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Daily Catholic Question

Where did the Litany of the Blessed Virgin come from?

According to the Dictionary of Mary, published by Catholic Book Publishing Company, the Litany of the Blessed Virgin has a long history.

The form of the litany was modeled on the earlier Litany of the Saints. The Dictionary speculates that the Litany of the Blessed Virgin originated in Paris. It probably dates from between 1150 and 1200.

The Litany of the Blessed Virgin is sometimes called the Litany of Loreto, because we know it was used at the Shrine of Our Lady of Loreto, as early as 1558. Pope Sixtus V gave approval to the prayer in 1587.

Over the years the Church added the invocations, “Queen conceived without sin,” “Queen assumed into heaven,” “Queen of the Most Holy Rosary” and “Queen of peace.” In 1980 the Congregation for Sacraments and Divine Worship directed that the invocation “Mother of the Church” be inserted at the proper place.

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Sunday, October 14, 2012
Daily Catholic Question for 10/13/2012 Daily Catholic Question for 10/15/2012


Daniel Brottier: Daniel spent most of his life in the trenches—one way or another.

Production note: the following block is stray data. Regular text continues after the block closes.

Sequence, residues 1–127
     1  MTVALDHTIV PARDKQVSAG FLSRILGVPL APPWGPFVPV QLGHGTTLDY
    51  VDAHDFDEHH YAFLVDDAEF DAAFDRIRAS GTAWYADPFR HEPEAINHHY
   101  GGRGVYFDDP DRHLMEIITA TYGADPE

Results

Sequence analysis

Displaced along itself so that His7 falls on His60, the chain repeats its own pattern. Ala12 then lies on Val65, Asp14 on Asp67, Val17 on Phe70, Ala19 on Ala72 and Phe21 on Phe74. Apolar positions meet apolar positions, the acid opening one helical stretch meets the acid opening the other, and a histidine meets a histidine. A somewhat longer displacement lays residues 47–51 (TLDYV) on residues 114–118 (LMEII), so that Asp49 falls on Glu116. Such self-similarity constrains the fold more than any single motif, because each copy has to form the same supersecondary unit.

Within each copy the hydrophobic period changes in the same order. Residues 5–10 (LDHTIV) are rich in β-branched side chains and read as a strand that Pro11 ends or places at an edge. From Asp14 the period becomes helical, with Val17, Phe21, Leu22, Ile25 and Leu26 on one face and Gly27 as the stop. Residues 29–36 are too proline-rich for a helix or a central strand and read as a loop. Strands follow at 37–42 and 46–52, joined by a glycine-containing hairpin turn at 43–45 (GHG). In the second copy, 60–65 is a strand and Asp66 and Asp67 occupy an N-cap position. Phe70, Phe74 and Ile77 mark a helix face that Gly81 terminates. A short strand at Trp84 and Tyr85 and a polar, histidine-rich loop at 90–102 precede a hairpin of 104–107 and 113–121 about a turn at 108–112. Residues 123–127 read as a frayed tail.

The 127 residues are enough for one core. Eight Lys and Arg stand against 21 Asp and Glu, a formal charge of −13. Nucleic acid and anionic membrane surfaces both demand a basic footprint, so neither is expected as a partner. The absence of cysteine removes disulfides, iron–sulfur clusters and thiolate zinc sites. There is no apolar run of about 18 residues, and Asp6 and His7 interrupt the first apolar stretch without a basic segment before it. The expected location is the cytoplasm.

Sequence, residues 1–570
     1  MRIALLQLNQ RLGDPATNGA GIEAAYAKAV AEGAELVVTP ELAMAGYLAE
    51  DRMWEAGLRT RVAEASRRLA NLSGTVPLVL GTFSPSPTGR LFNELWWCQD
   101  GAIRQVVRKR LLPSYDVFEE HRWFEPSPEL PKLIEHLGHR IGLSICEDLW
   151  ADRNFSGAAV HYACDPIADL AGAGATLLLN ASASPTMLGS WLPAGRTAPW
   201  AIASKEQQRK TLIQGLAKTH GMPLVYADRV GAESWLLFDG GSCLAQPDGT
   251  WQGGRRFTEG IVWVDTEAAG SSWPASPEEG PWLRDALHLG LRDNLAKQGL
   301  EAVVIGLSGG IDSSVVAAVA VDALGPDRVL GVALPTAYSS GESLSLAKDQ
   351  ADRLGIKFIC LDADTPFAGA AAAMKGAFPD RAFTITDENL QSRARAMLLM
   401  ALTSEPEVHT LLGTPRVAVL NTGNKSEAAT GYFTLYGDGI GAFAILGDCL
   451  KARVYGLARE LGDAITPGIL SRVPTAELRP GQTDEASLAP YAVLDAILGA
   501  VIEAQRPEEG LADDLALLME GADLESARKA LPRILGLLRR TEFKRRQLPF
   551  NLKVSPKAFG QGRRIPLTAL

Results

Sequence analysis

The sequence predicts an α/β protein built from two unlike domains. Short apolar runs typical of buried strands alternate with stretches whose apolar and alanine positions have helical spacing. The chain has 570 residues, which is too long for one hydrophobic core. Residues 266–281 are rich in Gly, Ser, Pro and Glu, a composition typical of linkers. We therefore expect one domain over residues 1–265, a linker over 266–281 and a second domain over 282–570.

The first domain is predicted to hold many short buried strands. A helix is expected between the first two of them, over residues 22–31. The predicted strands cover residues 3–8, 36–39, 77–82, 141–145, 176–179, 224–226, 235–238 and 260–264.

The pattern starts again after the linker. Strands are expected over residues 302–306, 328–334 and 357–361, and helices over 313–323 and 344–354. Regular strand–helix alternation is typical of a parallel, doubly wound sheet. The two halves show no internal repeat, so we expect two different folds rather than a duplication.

<p>Born in France in 1876, Daniel was ordained in 1899 and began a teaching career. That didn’t satisfy him long. He wanted to use his zeal for the gospel far beyond the classroom. He joined the missionary Congregation of the Holy Spirit, which sent him to Senegal, West Africa. After eight years there, his health was suffering. He was forced to return to France, where he helped raise funds for the construction of a new cathedral in Senegal. </p><p>At the outbreak of World War I Daniel became a volunteer chaplain and spent four years at the front. He did not shrink from his duties. Indeed, he risked his life time and again in ministering to the suffering and dying. It was miraculous that he did not suffer a single wound during his 52 months in the heart of battle. </p><p>After the war he was invited to help establish a project for orphaned and abandoned children in a Paris suburb. He spent the final 13 years of his life there. He died in 1936 and was beatified by Pope John Paul II in Paris only 48 years later.</p> American Catholic Blog The simplest thing to do is to receive and accept that fact of our humanity gratefully and gracefully. We make mistakes. We forget. We get tired. But it is the Spirit who is leading us through this desert and the Spirit who remains with us there.


 
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